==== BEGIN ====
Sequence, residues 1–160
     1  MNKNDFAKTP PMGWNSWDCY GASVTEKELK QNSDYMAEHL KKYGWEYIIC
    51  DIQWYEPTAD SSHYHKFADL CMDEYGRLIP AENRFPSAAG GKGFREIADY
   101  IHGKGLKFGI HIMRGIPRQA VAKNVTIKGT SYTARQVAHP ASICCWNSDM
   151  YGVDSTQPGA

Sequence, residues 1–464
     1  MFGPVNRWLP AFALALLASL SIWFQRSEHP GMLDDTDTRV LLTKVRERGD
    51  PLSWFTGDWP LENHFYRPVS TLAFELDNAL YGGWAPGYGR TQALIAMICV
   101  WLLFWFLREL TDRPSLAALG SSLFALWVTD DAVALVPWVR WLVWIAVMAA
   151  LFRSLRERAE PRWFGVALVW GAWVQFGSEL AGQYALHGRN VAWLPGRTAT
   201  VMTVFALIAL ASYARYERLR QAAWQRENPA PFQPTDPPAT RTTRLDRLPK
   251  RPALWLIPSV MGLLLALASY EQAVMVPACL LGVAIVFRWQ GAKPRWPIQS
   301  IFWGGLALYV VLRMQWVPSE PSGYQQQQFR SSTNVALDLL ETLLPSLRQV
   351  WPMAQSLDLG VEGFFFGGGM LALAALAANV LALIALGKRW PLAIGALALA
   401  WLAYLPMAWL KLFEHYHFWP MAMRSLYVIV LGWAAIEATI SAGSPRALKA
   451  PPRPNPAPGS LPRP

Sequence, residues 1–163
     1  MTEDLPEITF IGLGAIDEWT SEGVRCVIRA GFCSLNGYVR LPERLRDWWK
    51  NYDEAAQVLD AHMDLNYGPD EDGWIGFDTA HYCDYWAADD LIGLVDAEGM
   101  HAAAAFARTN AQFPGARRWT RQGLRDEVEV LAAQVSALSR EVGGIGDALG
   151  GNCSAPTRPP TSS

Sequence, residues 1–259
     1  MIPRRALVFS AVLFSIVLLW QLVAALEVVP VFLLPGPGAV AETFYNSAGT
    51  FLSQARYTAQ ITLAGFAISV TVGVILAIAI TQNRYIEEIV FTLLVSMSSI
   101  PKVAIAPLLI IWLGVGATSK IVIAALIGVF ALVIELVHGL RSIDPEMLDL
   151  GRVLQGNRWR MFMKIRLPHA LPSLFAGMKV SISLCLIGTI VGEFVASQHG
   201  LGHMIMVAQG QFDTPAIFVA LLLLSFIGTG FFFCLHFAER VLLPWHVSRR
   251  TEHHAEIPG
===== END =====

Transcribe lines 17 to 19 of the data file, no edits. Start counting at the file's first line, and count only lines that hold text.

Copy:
Sequence, residues 1–163
     1  MTEDLPEITF IGLGAIDEWT SEGVRCVIRA GFCSLNGYVR LPERLRDWWK
    51  NYDEAAQVLD AHMDLNYGPD EDGWIGFDTA HYCDYWAADD LIGLVDAEGM